Vlad Bystricky – Barclays

That’s great, thanks. And then could you elaborate a little more on your comments about some customers having financing challenges on cranes in western Europe? How much of a headwind is that, and whether you’re seeing any signs of that potentially expanding?

Kevin Bradley

It’s Kevin. I would say that it’s a headwind from a historical perspective, but it’s really as anticipated. We’ve been calling that out for a while, so our plans for the year anticipated a tightening of balance sheet availability in Europe, and the banks have been showing exactly what we thought would be the case. It’s as anticipated, so I don’t think it affects our outlook for the year at all.

Ronald De Feo

And some of our customers actually have expected us to be their equipment bank, and we’re starting to change that. Many of the European customers will tell you that just hold the equipment, I’ll take it when I need it; and we’re having a slightly different attitude on that because inventory is expensive to keep.

Vlad Bystricky –Barclays

Okay, great. Thanks.

Operator

Your next question comes from the line of Henry Kirn with UBS.

Henry Kirn – UBS

Hey, good morning guys. Ron, now that you’re a few quarters into Demag, domination agreement is in effect, how does the opportunity look different from what you originally anticipated?

Ronald De Feo

Yeah, I thank you for that question. I’m still quite excited about the material handling port solution segment, the new segment we have here, for the same fundamental reasons that caused us to be interested in the business. First, it represents a great diversification for us away from the classic machinery kind of business. Let’s remember that about $450 million of revenue from this company comes from a services business that has a 16 to 20% EBITDA margin, depending upon the quarter and depending upon kind of the geography, and that services business just is not any—it just is very different than any other business Terex has. So it really is an opportunity for us to learn, grow, and improve both their services business and improve our services business. So point one is fundamental change in some of the potential future income stream.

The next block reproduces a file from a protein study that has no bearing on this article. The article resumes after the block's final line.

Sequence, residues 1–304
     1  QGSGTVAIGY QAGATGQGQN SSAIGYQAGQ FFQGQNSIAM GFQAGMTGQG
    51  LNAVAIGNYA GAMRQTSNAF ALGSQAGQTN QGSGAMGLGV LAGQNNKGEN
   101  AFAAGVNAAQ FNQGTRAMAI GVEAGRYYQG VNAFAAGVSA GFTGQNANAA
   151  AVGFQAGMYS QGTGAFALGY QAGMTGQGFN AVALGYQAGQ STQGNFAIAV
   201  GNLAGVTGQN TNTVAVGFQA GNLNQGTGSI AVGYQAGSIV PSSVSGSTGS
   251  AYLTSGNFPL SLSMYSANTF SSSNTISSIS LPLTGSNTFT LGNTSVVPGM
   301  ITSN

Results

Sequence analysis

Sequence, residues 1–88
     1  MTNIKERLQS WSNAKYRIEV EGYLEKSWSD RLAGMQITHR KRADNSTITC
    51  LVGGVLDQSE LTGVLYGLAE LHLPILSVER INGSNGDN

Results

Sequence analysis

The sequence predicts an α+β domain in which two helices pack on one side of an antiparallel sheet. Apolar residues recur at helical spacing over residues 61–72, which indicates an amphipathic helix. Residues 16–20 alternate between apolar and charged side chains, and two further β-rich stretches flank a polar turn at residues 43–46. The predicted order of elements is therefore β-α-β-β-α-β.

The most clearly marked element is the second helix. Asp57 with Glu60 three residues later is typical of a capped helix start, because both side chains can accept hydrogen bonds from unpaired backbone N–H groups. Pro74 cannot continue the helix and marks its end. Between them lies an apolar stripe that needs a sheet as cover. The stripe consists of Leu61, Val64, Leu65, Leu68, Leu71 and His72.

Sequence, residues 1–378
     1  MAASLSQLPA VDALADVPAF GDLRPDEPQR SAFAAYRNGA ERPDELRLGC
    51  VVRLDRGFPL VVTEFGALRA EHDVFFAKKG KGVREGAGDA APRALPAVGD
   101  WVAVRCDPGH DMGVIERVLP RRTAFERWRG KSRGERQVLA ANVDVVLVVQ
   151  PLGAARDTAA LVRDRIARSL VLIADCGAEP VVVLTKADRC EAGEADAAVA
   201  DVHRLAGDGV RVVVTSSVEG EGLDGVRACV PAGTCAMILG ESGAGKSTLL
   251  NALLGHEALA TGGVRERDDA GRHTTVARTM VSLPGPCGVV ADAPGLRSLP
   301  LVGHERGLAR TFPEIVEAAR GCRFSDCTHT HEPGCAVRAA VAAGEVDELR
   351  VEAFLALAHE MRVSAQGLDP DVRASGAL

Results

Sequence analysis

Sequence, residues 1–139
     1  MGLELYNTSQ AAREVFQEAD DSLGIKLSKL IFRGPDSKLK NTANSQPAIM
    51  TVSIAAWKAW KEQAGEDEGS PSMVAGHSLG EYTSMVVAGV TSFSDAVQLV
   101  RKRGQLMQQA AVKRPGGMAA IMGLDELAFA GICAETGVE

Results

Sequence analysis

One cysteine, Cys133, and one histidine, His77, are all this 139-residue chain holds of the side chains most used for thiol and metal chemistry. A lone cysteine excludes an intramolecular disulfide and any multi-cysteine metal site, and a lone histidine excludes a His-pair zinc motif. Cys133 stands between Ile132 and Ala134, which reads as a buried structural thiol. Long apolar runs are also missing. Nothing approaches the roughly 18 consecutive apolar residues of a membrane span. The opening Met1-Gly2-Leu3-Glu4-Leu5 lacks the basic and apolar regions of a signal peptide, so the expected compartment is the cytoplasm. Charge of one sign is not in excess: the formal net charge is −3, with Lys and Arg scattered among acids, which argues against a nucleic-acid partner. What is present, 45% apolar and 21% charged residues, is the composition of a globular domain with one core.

Secondly, the industrial cranes business does also represent a good diversification, getting us into the factory, getting us into the overhead side of that business, and I think that is particularly given the fact that this is a great name – Demag Cranes – but also business that’s languished somewhat in that it really hasn’t got down and dirty and competed with some of the other players in the industry, and we’re going to get out there and we’re going to compete. We’re going to give it a little bit of the old let’s get up and go, and I think that gives us another future opportunity.

And third, we’re creating a first-class global port equipment business that we think will be unmatched in quality and unmatched in breadth of product line that can dramatically influence the kind of port productivity that many of our customers have been looking for. You combine the great mobile crane business and the very substantial AGV – automatic guided vehicles – that Gottwald brings to the table with the Terex port equipment businesses that we’ve been building, combine that into a new Terex port equipment franchise, and many of the customers out there are going to be surprised and give us a chance. But yet, there’s some hard work to do because we still there’s cost—the cost opportunities are there, the manufacturing consolidation opportunities, the material consolidation savings may be there. So really, it’s quite positive.

The bottom line, though, is it’s going to be some hard work, but that’s to be expected. So the domination process happened faster than some predicted, but frankly, I’m an impatient guy so I would have liked to have seen it happen earlier.

Henry Kirn – UBS

That’s helpful. Thanks a lot, Ron.

Operator

Your next question comes from the line of Matt Vittorioso with Barclays.

Matt Vittorioso – Barclays

Yeah, good morning guys. Maybe Phil, if you could just give us an update on a few of the cash flow items. I guess better than expected performance on the working capital side in the first quarter, at least from our seat, so great job there. What do you expect for the second quarter – will that be a use or a source of cash? And then maybe an update on expected cash taxes for the rest of the year and reiterate what your guidance is for CAPEX.

Phillip Widman

Okay, Matt. Again, we’re reconfirming our guidance for the full year, so I’m not going to give a tremendous amount more than what we’ve already done. However, we had CAPEX of about 140 million, for example. Cash taxes, excluding the large German payment, and we have a little bit more to go in the second quarter on the German tax payment of about 125 to 130—

Ronald De Feo

We don’t have that to go.

Phillip Widman